are accepted for archiving will be provided instructions on how to submit the archival
version of their artifact.
We ask for authors to be understanding and to join us in viewing this as a collaborative
process trying to produce better artifacts for the scientific community.
The artifact review process will be single-blinded: the authors of the paper and
artifact are not anonymous, but the reviewers will be anonymous. Communication between
the authors and the reviewers will be facilitated via the HotCRP review site. Authors
should not attempt to learn the identities of the reviewers, for example by not
embedding analytics or tracking elements in the artifact or a website; if you cannot
comply with this for some reason out of your control, please notify the chairs
immediately to discuss.
Conflict of Interest
The TCHES 2022 artifact review process follows the same conflict of interest policy as
TCHES, which is the IACR policy with respect to conflicts of interest. A conflict of
interest is considered to occur automatically whenever an author of a submitted paper
and a reviewer
were advisee/advisor at any time,
have been affiliated to the same institution in the past 2 years,
have published 2 or more jointly authored papers in the past 3 years, or
are immediate family members.
Conflicts may also arise for reasons other than those just listed. Examples include
closely related technical work, cooperation in the form of joint projects or grant
applications, business relationships, close personal friendships, instances of personal
enmity. For more information please see the
IACR Policy on Conflicts of Interest.
Authors will be asked to identify conflicts of interest with the committee members at time
of artifact registration.
Copyright and Licensing Conditions
If your artifact is accepted, you will be required to grant the IACR a non-exclusive,
irrevocable license to distribute the artifact, via an open source license such as the
Creative Commons Attribution (CC-BY), Attribution-NonCommercial (CC-BY-NC),
Attribution-NonCommercial-NoDerivatives (CC-BY-NC-ND), or another open source license of
your choice. If your artifact also contains third-party material that you did not
create, you must ensure that you have permission to redistribute that material, for
example because it is also open source or because you have obtained the appropriate
It is not a requirement that any patent rights be granted.
The authors of the accepted paper and their affiliations
Email addresses for the contact authors for artifact
The PDF of the submitted paper, or an updated/camera-ready version, if available
A brief description of the artifact
If the artifact is less than 20MB: a .zip or .tar.gz containing the artifact
If the artifact is larger than 20MB: instructions on how to obtain the artifact
A link to a Github repository or similar for the artifact, if available, along with the commit/tag of the submission
The artifact itself shall include at least the following files:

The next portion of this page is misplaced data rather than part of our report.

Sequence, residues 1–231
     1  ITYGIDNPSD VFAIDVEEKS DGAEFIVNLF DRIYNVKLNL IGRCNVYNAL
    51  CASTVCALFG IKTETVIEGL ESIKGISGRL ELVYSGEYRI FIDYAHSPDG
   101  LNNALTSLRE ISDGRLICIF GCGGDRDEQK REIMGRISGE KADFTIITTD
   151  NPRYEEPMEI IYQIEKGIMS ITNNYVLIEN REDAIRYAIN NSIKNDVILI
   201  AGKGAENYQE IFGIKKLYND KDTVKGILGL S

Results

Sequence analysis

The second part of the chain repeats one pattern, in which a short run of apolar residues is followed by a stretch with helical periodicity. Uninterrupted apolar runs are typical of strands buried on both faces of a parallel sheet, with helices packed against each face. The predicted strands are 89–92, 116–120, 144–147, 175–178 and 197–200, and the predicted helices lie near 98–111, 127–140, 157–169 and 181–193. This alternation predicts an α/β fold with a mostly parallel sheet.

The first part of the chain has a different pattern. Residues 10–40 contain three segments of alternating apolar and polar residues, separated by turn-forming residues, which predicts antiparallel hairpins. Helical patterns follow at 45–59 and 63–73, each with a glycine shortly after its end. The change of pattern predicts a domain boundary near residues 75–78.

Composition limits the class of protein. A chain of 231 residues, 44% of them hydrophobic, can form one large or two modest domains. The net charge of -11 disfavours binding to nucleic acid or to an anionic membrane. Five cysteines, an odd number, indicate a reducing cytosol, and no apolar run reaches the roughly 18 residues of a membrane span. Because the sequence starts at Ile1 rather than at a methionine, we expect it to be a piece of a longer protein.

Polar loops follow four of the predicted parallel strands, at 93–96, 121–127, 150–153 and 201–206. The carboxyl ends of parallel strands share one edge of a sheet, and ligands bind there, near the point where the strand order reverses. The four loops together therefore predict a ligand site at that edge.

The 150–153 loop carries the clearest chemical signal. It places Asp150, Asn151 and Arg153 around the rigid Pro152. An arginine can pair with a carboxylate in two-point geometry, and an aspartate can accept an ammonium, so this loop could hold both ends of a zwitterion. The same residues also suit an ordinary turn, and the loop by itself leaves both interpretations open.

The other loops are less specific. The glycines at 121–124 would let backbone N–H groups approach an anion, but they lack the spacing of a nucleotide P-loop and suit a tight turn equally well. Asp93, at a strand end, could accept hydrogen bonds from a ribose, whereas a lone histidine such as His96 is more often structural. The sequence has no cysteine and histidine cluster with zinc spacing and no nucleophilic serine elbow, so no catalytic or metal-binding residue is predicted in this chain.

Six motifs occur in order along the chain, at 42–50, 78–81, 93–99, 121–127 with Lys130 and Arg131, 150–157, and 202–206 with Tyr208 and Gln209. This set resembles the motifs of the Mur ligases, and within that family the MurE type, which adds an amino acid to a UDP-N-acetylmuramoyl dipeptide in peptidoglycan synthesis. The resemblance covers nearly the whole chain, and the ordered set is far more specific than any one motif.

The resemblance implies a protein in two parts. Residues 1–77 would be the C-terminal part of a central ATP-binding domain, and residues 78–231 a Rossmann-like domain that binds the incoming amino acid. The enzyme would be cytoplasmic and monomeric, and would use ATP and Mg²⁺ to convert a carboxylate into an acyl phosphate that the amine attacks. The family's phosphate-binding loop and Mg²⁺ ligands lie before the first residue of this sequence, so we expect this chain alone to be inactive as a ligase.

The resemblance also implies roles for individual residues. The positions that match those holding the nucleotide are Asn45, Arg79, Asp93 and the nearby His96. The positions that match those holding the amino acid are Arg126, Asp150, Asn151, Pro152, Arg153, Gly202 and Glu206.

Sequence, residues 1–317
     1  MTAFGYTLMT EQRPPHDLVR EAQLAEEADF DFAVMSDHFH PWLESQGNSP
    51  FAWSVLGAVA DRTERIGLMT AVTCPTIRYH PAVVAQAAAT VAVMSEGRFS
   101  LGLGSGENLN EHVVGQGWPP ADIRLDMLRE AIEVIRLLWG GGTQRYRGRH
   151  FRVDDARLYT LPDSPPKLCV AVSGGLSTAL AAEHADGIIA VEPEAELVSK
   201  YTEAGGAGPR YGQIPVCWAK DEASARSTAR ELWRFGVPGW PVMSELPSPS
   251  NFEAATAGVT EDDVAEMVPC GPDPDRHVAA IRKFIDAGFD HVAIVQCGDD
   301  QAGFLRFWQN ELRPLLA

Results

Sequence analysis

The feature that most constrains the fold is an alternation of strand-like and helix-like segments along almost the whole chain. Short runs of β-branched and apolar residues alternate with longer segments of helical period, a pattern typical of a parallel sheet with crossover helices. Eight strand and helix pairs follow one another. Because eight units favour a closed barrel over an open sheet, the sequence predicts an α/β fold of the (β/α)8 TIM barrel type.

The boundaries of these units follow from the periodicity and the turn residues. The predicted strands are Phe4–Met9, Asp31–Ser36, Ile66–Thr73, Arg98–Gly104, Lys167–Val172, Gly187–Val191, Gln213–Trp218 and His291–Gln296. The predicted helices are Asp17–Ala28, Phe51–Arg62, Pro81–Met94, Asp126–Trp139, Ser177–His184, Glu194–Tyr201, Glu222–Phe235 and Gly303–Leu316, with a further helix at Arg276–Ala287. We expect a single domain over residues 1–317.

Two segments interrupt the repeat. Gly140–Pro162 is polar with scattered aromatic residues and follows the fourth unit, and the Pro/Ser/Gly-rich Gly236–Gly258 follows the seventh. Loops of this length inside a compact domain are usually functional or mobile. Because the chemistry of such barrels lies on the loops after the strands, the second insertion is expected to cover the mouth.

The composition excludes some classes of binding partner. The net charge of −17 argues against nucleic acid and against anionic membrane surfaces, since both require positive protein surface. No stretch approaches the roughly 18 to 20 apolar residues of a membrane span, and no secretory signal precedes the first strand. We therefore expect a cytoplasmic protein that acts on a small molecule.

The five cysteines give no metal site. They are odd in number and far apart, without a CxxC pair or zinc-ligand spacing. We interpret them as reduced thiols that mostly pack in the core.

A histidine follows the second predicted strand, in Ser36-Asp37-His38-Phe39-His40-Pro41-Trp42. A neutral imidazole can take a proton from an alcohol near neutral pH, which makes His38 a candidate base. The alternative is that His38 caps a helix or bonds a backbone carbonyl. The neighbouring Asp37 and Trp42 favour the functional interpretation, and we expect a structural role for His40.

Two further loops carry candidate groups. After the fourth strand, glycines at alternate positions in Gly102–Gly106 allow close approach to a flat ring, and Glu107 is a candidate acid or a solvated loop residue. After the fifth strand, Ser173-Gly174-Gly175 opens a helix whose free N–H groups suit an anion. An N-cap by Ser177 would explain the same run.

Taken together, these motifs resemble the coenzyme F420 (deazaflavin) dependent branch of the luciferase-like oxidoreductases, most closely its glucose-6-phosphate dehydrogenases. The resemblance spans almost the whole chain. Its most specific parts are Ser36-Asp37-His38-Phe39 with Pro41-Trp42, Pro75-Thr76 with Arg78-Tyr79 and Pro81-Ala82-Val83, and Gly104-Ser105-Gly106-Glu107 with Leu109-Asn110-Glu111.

LICENSE: The license(s) under which the artifact is released
README: The main starting point for anyone attempting to use the artifact. It should include
Dependencies required to build and run the artifact, including specific version
numbers of dependencies
Instructions for building and running the artifact
Options on configuring the artifact to run in different modes, if
Instructions on how to interpret the output of the artifact, including which
scripts to run if appropriate
An explanation of how the source code is organized
Files such as LICENSE and README can be plain text files or Markdown files.
Source code files within the artifact are encouraged to be organized, formatted, and documented using best practices and conventions appropriate to the programming language in question. For example, formatted using a consistent style such as PEP8 for Python; documentation of APIs using JavaDoc for Java or Doxygen for C; unit tests using an appropriate framework.
Packaging of the Artifact
The primary form of the artifact should be as source code, with suitable build scripts and instructions on how to install the appropriate dependencies.
For artifacts with complex dependencies or build requirements, the authors are encouraged to also package the artifact in the manner that makes it most amenable to successful execution. Potential formats include:
A virtual machine image (Virtualbox, Docker,…) containing the artifact and all
dependencies already installed, and the artifact compiled, configured, and ready to
run. It is preferable to also include the Dockerfile or script used to create the
image if possible.
A binary installable package, such as .rpm or .deb package on Linux, or an MSI
Installer on Windows.
A video demonstrating the use of the artifact and the results, especially in the case
of an artifact that requires commercial software, specialized hardware, or long
A "live notebook" (Jupyter, Sage,...) for demonstrating a sequence of
mathematical calculations, especially of data artifacts.
When in doubt, imagine a first-year grad student in 2029 who is told by their supervisor
"See if you can change this artifact from CHES 2022 to do X."
We want to give them the best chance of success with the least amount of pain.